Browsing by Author "Abad, Gonzalo González"
Now showing 1 - 9 of 9
Results Per Page
- ItemGlyoxal yield from isoprene oxidation and relation to formaldehyde: chemical mechanism, constraints from SENEX aircraft observations, and interpretation of OMI satellite data(Copernicus Publications, 2017-07-18) Miller, Christopher Chan; Jacob, Daniel J.; Marais, Eloise A.; Yu, Karen; Travis, Katherine R.; Kim, Patrick S.; Fisher, Jenny A.; Zhu, Lei; Wolfe, Glenn M.; Hanisco, Thomas F.; Keutsch, Frank N.; Kaiser, Jennifer; Min, Kyung-Eun; Brown, Steven S.; Washenfelder, Rebecca A.; Abad, Gonzalo González; Chance, KellyGlyoxal (CHOCHO) is produced in the atmosphere by the oxidation of volatile organic compounds (VOCs). Like formaldehyde (HCHO), another VOC oxidation product, it is measurable from space by solar backscatter. Isoprene emitted by vegetation is the dominant source of CHOCHO and HCHO in most of the world. We use aircraft observations of CHOCHO and HCHO from the SENEX campaign over the southeast US in summer 2013 to better understand the CHOCHO time-dependent yield from isoprene oxidation, its dependence on nitrogen oxides (NOx ≡ NO + NO₂), the behavior of the CHOCHO–HCHO relationship, the quality of OMI CHOCHO satellite observations, and the implications for using CHOCHO observations from space as constraints on isoprene emissions. We simulate the SENEX and OMI observations with the Goddard Earth Observing System chemical transport model (GEOS-Chem) featuring a new chemical mechanism for CHOCHO formation from isoprene. The mechanism includes prompt CHOCHO formation under low-NOx conditions following the isomerization of the isoprene peroxy radical (ISOPO₂). The SENEX observations provide support for this prompt CHOCHO formation pathway, and are generally consistent with the GEOS-Chem mechanism. Boundary layer CHOCHO and HCHO are strongly correlated in the observations and the model, with some departure under low-NOx conditions due to prompt CHOCHO formation. SENEX vertical profiles indicate a free-tropospheric CHOCHO background that is absent from the model. The OMI CHOCHO data provide some support for this free-tropospheric background and show southeast US enhancements consistent with the isoprene source but a factor of 2 too low. Part of this OMI bias is due to excessive surface reflectivities assumed in the retrieval. The OMI CHOCHO and HCHO seasonal data over the southeast US are tightly correlated and provide redundant proxies of isoprene emissions. Higher temporal resolution in future geostationary satellite observations may enable detection of the prompt CHOCHO production under low-NOx conditions apparent in the SENEX data.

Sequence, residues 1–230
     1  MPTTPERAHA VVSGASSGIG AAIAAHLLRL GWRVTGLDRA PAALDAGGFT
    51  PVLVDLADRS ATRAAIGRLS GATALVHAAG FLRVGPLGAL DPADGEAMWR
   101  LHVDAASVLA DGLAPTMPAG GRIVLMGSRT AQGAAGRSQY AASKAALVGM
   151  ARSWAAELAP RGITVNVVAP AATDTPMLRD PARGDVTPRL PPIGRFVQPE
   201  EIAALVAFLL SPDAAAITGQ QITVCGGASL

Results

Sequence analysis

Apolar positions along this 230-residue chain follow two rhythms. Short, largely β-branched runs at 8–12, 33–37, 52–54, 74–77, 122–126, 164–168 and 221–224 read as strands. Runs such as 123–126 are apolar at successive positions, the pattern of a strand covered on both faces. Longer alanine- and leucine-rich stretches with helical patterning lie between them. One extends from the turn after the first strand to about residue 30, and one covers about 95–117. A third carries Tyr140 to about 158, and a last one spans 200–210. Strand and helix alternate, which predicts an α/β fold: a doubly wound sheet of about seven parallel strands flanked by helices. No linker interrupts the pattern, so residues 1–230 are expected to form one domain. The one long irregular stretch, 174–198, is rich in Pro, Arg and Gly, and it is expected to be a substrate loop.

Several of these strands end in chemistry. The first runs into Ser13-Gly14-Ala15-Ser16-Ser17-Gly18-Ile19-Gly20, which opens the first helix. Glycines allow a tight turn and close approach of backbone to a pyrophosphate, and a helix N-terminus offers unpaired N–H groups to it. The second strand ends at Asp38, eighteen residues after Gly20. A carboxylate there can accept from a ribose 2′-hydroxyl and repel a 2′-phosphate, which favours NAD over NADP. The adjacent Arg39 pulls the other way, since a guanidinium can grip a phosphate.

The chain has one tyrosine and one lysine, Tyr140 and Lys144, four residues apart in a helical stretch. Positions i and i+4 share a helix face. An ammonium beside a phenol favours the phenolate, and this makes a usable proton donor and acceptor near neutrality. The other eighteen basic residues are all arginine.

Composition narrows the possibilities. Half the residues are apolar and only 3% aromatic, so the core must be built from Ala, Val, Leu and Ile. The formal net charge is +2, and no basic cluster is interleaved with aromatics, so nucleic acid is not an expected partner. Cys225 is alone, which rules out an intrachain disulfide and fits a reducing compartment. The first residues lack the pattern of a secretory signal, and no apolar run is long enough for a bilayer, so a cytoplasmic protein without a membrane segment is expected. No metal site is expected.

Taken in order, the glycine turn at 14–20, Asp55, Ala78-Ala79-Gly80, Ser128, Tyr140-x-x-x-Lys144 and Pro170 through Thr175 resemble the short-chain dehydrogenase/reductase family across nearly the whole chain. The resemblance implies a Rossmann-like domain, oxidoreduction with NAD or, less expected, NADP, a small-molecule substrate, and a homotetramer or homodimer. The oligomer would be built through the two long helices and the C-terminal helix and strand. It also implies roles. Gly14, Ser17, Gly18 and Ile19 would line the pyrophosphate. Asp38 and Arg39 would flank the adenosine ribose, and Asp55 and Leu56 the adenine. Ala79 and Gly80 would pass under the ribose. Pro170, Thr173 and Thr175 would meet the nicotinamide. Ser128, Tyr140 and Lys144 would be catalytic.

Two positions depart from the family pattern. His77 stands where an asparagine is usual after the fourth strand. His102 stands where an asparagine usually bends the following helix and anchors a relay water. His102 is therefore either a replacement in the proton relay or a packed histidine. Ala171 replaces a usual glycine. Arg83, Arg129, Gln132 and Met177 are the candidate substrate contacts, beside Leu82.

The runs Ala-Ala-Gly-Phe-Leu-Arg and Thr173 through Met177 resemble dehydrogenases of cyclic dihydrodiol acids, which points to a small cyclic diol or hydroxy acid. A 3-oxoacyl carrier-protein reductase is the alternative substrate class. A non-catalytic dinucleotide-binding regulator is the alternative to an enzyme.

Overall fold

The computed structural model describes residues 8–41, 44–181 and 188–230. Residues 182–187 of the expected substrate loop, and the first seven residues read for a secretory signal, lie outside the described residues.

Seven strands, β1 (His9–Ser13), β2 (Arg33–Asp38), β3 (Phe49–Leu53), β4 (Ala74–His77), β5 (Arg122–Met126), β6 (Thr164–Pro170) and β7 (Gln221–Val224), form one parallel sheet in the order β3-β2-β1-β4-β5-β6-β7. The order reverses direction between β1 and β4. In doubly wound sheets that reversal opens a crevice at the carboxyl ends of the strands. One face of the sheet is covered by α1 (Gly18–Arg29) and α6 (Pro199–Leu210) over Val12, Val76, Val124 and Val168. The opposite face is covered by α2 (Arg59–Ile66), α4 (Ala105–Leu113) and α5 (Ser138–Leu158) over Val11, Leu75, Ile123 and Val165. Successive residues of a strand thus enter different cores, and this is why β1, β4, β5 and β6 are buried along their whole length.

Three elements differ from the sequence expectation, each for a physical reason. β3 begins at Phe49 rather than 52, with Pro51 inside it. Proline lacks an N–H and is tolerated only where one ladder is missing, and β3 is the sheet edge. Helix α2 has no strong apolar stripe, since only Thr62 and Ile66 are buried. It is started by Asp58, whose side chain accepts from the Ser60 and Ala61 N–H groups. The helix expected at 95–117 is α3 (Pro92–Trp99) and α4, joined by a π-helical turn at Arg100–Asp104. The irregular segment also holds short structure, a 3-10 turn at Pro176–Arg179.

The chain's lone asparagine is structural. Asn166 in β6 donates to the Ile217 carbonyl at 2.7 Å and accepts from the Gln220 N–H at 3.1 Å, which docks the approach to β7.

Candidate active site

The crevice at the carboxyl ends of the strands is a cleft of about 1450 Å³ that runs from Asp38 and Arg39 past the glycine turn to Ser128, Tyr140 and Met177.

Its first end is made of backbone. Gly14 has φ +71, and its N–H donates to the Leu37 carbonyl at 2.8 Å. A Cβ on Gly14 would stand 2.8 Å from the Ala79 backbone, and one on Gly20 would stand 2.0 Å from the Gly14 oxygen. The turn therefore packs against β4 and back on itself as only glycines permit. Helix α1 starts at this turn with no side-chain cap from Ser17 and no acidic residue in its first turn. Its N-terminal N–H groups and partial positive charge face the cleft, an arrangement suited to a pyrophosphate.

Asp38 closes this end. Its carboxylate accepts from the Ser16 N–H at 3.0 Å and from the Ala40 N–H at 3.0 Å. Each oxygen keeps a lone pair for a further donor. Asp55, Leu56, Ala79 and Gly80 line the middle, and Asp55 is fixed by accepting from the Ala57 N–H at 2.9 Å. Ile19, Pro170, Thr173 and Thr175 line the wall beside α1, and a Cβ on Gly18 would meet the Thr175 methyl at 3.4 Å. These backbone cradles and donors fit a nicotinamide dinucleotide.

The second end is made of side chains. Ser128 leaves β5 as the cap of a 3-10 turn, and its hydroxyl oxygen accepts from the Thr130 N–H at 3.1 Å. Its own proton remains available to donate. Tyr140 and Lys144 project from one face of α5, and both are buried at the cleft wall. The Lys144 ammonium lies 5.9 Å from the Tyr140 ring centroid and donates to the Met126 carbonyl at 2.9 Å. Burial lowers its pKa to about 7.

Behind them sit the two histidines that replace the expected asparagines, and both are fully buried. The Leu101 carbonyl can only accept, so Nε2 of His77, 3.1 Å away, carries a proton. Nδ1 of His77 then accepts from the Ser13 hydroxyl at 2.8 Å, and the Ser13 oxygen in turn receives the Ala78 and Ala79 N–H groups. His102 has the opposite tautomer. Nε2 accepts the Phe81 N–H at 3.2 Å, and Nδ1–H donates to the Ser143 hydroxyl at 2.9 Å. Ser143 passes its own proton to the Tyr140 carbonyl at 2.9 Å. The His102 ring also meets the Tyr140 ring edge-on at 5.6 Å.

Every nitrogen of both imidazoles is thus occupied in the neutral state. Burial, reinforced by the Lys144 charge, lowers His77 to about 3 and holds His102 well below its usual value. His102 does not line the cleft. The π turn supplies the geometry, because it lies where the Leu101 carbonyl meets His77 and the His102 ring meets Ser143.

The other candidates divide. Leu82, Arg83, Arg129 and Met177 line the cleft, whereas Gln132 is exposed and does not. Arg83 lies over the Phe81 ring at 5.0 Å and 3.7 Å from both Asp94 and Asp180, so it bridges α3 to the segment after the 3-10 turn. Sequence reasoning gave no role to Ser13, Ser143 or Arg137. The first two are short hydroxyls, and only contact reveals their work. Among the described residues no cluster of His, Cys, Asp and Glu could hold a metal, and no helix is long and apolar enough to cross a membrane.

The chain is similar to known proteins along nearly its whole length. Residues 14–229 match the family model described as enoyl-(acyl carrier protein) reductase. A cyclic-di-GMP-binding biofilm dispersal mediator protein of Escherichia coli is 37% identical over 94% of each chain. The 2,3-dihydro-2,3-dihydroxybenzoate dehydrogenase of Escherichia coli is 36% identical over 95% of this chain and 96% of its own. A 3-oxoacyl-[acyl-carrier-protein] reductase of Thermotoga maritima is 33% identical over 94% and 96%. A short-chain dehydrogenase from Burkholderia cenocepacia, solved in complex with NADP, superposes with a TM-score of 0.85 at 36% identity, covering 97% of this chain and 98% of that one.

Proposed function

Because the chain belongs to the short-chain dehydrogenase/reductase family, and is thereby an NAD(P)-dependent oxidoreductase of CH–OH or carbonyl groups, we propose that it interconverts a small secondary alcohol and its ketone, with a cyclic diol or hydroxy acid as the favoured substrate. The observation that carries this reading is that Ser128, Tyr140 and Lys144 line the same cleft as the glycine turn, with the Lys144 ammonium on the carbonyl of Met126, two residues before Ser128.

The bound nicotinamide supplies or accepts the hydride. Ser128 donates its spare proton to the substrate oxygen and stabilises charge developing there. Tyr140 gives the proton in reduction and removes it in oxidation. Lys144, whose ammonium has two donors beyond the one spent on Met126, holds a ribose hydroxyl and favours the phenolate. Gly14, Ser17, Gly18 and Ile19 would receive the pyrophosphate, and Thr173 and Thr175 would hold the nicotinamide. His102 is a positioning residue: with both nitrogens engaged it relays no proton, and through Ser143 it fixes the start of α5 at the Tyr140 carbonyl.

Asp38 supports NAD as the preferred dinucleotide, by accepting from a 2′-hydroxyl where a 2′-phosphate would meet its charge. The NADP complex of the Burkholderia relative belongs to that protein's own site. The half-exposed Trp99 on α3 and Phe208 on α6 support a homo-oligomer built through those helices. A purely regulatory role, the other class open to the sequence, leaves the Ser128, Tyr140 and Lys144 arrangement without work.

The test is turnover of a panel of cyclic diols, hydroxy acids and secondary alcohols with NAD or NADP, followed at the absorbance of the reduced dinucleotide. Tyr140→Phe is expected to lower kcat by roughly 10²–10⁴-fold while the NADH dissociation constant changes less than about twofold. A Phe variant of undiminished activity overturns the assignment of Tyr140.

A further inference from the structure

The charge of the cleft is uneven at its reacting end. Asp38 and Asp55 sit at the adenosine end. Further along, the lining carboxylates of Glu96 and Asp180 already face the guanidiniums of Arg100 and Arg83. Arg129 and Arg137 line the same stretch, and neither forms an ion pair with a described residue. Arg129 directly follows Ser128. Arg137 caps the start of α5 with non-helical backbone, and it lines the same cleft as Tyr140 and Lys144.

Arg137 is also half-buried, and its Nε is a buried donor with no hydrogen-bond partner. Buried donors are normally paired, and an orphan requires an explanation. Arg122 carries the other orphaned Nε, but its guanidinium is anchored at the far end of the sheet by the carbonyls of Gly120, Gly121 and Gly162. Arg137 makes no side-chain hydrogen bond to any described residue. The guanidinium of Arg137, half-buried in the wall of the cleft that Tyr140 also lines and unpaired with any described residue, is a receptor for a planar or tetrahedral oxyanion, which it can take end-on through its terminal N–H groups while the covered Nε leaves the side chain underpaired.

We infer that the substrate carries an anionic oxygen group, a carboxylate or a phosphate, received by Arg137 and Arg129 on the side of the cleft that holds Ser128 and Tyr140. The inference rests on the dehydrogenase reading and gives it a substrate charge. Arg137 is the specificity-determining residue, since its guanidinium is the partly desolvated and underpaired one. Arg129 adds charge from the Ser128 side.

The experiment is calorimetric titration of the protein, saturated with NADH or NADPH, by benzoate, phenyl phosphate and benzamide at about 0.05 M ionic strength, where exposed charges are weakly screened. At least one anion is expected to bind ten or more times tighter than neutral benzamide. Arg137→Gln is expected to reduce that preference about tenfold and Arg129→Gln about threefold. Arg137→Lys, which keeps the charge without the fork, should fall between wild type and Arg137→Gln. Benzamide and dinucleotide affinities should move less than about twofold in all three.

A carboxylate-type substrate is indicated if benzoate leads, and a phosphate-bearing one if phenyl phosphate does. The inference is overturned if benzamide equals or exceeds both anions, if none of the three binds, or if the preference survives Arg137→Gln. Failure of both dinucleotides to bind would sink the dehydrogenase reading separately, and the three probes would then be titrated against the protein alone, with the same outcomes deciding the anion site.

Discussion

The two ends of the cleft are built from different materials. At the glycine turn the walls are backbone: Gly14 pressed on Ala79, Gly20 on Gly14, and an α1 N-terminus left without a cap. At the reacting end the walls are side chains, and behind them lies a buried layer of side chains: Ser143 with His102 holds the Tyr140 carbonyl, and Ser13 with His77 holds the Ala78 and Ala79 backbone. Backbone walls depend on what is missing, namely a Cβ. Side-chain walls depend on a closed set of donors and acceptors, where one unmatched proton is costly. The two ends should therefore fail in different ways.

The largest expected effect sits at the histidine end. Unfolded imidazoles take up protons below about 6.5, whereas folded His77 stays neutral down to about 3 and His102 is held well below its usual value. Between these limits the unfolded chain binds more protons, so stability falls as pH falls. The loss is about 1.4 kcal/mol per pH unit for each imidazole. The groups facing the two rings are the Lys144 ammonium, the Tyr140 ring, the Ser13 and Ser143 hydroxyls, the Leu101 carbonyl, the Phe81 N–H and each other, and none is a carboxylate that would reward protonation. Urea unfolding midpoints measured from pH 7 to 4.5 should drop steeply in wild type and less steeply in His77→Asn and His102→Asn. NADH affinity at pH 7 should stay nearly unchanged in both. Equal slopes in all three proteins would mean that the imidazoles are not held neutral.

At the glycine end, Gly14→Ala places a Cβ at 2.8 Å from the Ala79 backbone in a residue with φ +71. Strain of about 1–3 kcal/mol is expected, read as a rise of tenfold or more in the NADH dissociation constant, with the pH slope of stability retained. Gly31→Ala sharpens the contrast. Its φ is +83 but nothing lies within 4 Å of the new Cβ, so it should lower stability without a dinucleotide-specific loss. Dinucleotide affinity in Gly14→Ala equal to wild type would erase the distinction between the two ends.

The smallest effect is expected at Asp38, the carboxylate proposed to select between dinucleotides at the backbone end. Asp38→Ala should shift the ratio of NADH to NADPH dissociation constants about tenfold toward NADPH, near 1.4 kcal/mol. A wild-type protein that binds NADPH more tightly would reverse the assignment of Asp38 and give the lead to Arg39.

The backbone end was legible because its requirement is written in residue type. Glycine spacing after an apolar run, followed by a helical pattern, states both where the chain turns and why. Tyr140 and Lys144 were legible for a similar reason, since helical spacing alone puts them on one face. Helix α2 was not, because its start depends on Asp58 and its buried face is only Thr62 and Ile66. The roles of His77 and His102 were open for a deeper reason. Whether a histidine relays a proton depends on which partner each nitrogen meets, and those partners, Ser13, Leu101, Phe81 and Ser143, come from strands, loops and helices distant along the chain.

- ItemHigh-resolution inversion of OMI formaldehyde columns to quantify isoprene emission on ecosystem-relevant scales: application to the southeast US(Copernicus Publications, 2018-04-23) Kaiser, Jennifer; Jacob, Daniel J.; Zhu, Lei; Travis, Katherine R.; Fisher, Jenny A.; Abad, Gonzalo González; Zhang, Lin; Zhang, Xuesong; Fried, Alan; Crounse, John D.; St. Clair, Jason; Wisthaler, ArminIsoprene emissions from vegetation have a large effect on atmospheric chemistry and air quality. “Bottom-up” isoprene emission inventories used in atmospheric models are based on limited vegetation information and uncertain land cover data, leading to potentially large errors. Satellite observations of atmospheric formaldehyde (HCHO), a high-yield isoprene oxidation product, provide “top-down” information to evaluate isoprene emission inventories through inverse analyses. Past inverse analyses have however been hampered by uncertainty in the HCHO satellite data, uncertainty in the time- and NOₓ-dependent yield of HCHO from isoprene oxidation, and coarse resolution of the atmospheric models used for the inversion. Here we demonstrate the ability to use HCHO satellite data from OMI in a high-resolution inversion to constrain isoprene emissions on ecosystem-relevant scales. The inversion uses the adjoint of the GEOS-Chem chemical transport model at 0.25° × 0.3125° horizontal resolution to interpret observations over the southeast US in August–September 2013. It takes advantage of concurrent NASA SEAC4RS aircraft observations of isoprene and its oxidation products including HCHO to validate the OMI HCHO data over the region, test the GEOS-Chem isoprene oxidation mechanism and NOₓ environment, and independently evaluate the inversion. This evaluation shows in particular that local model errors in NOₓ concentrations propagate to biases in inferring isoprene emissions from HCHO data. It is thus essential to correct model NOₓ biases, which was done here using SEAC4RS observations but can be done more generally using satellite NO₂ data concurrently with HCHO. We find in our inversion that isoprene emissions from the widely used MEGAN v2.1 inventory are biased high over the southeast US by 40 % on average, although the broad-scale distributions are correct including maximum emissions in Arkansas/Louisiana and high base emission factors in the oak-covered Ozarks of southeast Missouri. A particularly large discrepancy is in the Edwards Plateau of central Texas where MEGAN v2.1 is too high by a factor of 3, possibly reflecting errors in land cover. The lower isoprene emissions inferred from our inversion, when implemented into GEOS-Chem, decrease surface ozone over the southeast US by 1–3 ppb and decrease the isoprene contribution to organic aerosol from 40 to 20 %.